Stroll around different hutongs to discover the Chinese history and culture in a day, end with a spectacular view of the Forbidden City and dinner in Xidan district.
- a narrow lane or alleyway in a traditional residential area of a Chinese city, especially Beijing.
It was awesome to see and experience so much in such a short time, Beijing is truly is special time capsule with the perfect amount of history and modern elements. Here’s what I did:
- Wudaoying Hutong (五道营胡同)
Wudaoying Hutong has become quite gentrified in recent years with cafes full of characteristics. On my way in, I saw so many cute shops and restaurants, it was a lovely stroll in the morning before it gets crowded. I saw a bucket hat I really liked in one of the boutiques but I was hesitant to get it, luckily I found the brand on Taobao later!
He Kitchen Co (No.48, Wudaoying Hutong) had my perfect Sunday brunch to start the day. The cafe is a two-storey cafe housed in a traditional hutong house, it is partly renovated inside to give a modern touch to it, parts of the annex was converted into a terrace and a conservatory overlooking other hutong houses. The place offers a variety of food from pastries, salad to hot rice bowls. I had a salmon teriyaki rice bowl, and my friend had a latte, they were both very well done. I would recommend this cafe to anyone who is looking for a non-Chinese brunch.
- Yong He Gong Lama Temple (雍和宫)
Next to Wudaoying Hutong was Yong He Gong. Yong He Gong was originally the residence of Kangxi Emporor’s son Yinzhen. The residence went through a number of transformations thereafter into a monastery and temple during Yongzheng and Qianlong’s dynasties afterwards. Each hall of the temple was placed with statues of different buddhas, from the four Heavenly Kings to the Buddhas of the Three Ages. I was in awe when I entered the Pavilion of Ten Thousand Happiness, the Maitreya Buddha in the middle of the Pavilion was peacefully standing in the middle and was probably the biggest indoor Buddha I have ever seen. This Buddha was a gift to QiangLong from Dalai Lama and it took three years to be transported by Tibet, and was included in the Guinness Book of Records in 1993.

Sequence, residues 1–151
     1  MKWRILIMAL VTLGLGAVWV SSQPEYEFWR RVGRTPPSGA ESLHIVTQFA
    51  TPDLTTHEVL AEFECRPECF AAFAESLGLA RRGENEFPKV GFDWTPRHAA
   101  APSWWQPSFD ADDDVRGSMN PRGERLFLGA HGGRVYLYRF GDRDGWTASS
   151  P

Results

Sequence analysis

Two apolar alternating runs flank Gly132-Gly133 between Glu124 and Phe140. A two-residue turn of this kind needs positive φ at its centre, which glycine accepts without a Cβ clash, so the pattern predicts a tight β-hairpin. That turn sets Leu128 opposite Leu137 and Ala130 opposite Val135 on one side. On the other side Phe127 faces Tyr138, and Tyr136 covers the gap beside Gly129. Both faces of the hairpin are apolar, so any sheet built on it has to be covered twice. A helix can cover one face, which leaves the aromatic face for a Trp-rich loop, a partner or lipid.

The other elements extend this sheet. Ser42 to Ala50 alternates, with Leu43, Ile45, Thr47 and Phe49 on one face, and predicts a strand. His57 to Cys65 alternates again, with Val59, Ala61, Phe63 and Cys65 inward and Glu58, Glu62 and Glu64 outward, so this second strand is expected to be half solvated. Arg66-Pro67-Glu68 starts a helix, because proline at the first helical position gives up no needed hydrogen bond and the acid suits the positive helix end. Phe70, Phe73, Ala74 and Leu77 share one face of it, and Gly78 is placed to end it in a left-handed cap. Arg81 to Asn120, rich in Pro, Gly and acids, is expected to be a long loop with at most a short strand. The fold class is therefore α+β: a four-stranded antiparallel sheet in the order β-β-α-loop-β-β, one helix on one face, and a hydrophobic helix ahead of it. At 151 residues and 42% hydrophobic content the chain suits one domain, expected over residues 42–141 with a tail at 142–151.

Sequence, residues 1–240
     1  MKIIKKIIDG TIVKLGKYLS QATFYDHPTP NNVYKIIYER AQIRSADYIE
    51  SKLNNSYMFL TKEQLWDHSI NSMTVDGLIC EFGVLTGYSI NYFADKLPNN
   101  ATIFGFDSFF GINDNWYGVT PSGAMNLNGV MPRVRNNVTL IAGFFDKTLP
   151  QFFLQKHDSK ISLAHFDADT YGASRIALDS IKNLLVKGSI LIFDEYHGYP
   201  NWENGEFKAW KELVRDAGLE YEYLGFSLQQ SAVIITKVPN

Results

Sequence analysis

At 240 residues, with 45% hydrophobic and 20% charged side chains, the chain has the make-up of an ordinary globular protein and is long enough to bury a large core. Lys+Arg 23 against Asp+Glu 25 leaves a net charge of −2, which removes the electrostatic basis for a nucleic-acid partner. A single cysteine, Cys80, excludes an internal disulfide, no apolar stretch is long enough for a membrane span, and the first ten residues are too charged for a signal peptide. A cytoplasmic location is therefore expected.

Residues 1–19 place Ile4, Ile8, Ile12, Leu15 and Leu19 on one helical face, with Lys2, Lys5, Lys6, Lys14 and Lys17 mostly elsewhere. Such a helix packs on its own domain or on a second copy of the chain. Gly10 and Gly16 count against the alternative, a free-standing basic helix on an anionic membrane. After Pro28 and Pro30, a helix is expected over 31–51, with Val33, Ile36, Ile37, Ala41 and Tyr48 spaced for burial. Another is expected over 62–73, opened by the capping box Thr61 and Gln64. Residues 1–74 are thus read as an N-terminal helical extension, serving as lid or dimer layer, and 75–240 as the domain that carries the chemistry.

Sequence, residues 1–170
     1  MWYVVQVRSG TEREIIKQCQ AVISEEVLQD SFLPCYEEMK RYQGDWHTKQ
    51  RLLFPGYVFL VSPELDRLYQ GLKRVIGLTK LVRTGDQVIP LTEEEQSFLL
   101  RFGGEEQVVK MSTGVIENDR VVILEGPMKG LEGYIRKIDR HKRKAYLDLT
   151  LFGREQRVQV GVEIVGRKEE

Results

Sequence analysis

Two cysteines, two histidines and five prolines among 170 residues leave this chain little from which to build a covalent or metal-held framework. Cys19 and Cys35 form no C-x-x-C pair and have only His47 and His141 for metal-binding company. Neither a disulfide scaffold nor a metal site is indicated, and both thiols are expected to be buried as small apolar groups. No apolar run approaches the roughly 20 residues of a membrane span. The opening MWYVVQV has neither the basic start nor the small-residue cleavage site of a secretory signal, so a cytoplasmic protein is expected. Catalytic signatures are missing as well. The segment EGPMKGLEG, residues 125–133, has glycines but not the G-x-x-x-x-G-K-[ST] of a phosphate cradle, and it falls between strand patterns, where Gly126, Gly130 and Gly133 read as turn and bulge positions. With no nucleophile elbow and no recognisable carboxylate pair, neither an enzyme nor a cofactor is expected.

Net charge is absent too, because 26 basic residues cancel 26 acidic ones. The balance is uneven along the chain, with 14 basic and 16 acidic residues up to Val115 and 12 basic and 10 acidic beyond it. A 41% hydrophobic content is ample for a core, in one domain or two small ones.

Being in the temple was a meaningful experience for me even though I am not a Buddhist. I totally went to Yong He Gong expecting it to be a beautiful palace instead of a temple to begin with, but I ended up having such a spiritual time! I will highly recommend this to anyone who is interested to learn about Buddhism, or Chinese culture in general.
- Chengxian Street (成贤街), Confucius Temple and Imperial Academy (孔子庙，国子监)
Right opposite to Yong He Gong was Chengxian Street, a long avenue surrounded by other Hutongs which some of the houses were converted into shops- some traditional old Beijing eateries and modern boutiques. In the middle of Chengxian Street sat Confucius Temple and the Imperial Academy which were connected as one big museum. I was tempted not to visit the Confucius Temple after spending 1.5 hours in Yong He Gong Lama Temple, however, we saw that there were a few exhibitions happening inside so we decided to give it a go, it turned out to be another interesting stop!